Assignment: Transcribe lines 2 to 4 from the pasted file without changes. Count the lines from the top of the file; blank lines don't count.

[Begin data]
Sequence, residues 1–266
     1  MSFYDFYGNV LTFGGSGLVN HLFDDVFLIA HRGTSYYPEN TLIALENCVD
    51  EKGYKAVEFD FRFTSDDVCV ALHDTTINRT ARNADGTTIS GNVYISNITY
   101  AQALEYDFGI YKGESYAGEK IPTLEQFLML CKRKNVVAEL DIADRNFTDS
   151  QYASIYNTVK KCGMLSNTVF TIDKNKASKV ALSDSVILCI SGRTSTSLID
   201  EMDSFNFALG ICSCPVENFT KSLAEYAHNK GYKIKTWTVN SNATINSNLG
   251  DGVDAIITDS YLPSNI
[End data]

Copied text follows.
     1  MSFYDFYGNV LTFGGSGLVN HLFDDVFLIA HRGTSYYPEN TLIALENCVD
    51  EKGYKAVEFD FRFTSDDVCV ALHDTTINRT ARNADGTTIS GNVYISNITY
   101  AQALEYDFGI YKGESYAGEK IPTLEQFLML CKRKNVVAEL DIADRNFTDS